US LNG exports hit the heights

Monday, 01 August 2022
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Eighteen LNGCs left the US between 21st July and 27th July, according to the Energy Information Administration’s (EIA) weekly report, using data from Bloomberg Finance.

Seven vessels sailed from Sabine Pass, four from Corpus Christi, three from Cameron, two from Calcasieu Pass, and one each from Cove Point and Elba Island.

They had a combined LNG carrying capacity of 67 bill cu ft.

In addition last week, Venture Global’s Calcasieu Pass received approval from the US Federal Energy Regulatory Commission (FERC) to introduce hazardous fluids to Liquefaction Block 9. 

This permit is among the last ones needed in the commissioning process for the terminal to operate all 18 liquefaction trains, the EIA said.

The agency also revealed that the US became the world’s largest LNG exporter in the first half of 2022, according to data from CEDIGAZ. 

Compared with the second half of 2021, US LNG exports increased by 12% in the first half of this year, to average 11.2 bill cu ft per day. 

US LNG exports continued to grow for three reasons—increased LNG export capacity, increased international natural gas and LNG prices, and increased global demand, particularly in Europe, the  administration said.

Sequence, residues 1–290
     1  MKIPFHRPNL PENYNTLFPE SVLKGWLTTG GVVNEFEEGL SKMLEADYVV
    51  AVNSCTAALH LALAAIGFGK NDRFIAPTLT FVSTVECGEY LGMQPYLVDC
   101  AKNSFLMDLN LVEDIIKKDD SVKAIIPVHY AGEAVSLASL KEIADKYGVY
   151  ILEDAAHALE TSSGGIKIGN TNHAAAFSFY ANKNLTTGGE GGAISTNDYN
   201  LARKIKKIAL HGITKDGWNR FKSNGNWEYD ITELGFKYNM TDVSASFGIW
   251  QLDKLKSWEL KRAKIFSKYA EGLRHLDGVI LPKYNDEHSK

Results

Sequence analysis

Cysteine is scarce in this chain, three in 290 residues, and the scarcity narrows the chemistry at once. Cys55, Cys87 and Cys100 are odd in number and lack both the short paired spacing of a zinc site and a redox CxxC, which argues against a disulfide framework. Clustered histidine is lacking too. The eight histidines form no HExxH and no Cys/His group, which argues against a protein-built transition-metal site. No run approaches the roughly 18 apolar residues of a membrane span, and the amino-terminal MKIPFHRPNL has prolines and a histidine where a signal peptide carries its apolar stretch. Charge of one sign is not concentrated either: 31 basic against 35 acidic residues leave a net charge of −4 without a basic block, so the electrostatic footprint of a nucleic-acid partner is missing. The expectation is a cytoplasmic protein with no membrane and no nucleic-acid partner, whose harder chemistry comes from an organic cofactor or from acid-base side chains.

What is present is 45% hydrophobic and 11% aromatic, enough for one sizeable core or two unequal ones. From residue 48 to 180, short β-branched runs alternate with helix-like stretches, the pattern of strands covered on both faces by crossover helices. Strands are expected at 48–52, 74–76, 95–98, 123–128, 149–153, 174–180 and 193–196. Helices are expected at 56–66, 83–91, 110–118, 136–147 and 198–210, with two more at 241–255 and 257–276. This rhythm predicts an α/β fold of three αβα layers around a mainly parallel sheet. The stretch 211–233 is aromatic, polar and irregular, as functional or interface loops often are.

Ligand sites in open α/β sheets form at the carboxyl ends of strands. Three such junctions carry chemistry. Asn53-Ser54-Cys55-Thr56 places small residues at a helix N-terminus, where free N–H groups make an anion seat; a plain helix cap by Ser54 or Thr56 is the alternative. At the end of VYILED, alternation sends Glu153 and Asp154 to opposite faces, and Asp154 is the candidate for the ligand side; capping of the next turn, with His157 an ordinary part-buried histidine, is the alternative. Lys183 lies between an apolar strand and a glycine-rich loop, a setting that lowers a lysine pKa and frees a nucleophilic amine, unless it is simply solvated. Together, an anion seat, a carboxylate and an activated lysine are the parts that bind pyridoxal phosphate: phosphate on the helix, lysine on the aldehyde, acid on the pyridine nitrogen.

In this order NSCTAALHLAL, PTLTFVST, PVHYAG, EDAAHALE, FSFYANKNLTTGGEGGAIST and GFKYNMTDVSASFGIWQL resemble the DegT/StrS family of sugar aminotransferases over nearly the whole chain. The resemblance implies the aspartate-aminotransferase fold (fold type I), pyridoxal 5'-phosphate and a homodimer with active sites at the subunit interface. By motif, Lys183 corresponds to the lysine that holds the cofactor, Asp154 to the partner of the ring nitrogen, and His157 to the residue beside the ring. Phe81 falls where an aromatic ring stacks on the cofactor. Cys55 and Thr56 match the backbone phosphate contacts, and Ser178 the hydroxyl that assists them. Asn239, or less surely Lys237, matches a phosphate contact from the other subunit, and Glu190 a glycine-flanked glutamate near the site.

According to its estimates, installed US LNG export capacity has expanded by 1.9 bill cu ft per day nominal (2.1 bill peak) since November, 2021. 

As of July, 2022, the EIA estimated that US LNG liquefaction capacity averaged 11.4 bill cu ft per day (13.6 bill peak), increasing to 13.9 bill peak capacity once all of the LNG trains at the new Calcasieu Pass LNG achieve full production.

International natural gas and LNG prices hit record highs in the last quarter of 2021 and first half of 2022. Prices at the Title Transfer Facility (TTF) in the Netherlands have been trading at record highs since October, 2021, averaging $30.94 per MMBtu during the first half of 2022. 

LNG spot prices in Asia have also been high, averaging $29.50 per MMBtu during the same period, the administration said. 

Most of the US LNG exports went to the EU and the UK during the first five months of this year, accounting for 64%, or 7.3 bill cu ft per day. 

Including Turkey, US LNG exports to Europe accounted for 71% (8.1 bill cu ft per day) of the total exports. Similar to 2021, the US accounted for most of EU and UK imports during the first half of this year, providing 47% of the 14.8 bill cu ft per day total LNG imported, followed by Qatar (15%), Russia (14%), and six African countries aggregating 19%.

However, last June, exports fell by 11%, mainly as a result of the unplanned outage at Freeport LNG. 

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